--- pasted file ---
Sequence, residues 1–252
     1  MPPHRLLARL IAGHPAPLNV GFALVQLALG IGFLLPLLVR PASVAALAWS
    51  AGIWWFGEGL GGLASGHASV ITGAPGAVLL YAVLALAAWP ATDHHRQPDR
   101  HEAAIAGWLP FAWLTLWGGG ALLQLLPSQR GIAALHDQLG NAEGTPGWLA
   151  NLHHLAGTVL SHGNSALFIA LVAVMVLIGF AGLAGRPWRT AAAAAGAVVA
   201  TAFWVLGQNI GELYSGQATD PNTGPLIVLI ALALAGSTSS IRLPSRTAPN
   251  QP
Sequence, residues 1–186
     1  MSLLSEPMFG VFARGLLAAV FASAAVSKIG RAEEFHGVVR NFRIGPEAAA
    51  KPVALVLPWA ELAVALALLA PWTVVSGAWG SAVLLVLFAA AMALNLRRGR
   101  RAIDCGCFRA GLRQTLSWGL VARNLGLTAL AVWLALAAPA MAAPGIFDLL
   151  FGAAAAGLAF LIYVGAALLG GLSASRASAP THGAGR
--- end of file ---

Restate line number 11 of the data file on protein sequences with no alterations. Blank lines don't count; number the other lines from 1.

   101  RAIDCGCFRA GLRQTLSWGL VARNLGLTAL AVWLALAAPA MAAPGIFDLL